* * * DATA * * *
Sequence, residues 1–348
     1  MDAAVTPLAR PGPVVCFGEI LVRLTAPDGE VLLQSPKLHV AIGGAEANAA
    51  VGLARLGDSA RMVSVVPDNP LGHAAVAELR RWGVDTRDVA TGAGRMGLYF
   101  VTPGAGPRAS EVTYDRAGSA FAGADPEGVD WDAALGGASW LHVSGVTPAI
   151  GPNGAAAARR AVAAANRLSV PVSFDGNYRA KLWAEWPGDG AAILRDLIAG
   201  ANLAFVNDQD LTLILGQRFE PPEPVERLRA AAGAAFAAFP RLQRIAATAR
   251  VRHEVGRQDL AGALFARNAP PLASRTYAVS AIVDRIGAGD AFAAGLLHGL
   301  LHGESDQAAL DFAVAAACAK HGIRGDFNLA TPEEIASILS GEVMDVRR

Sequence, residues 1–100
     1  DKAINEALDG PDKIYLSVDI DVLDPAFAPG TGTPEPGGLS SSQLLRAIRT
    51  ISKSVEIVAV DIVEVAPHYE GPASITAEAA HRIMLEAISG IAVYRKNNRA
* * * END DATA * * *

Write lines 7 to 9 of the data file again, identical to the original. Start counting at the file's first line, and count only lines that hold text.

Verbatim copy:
   251  VRHEVGRQDL AGALFARNAP PLASRTYAVS AIVDRIGAGD AFAAGLLHGL
   301  LHGESDQAAL DFAVAAACAK HGIRGDFNLA TPEEIASILS GEVMDVRR

Sequence, residues 1–100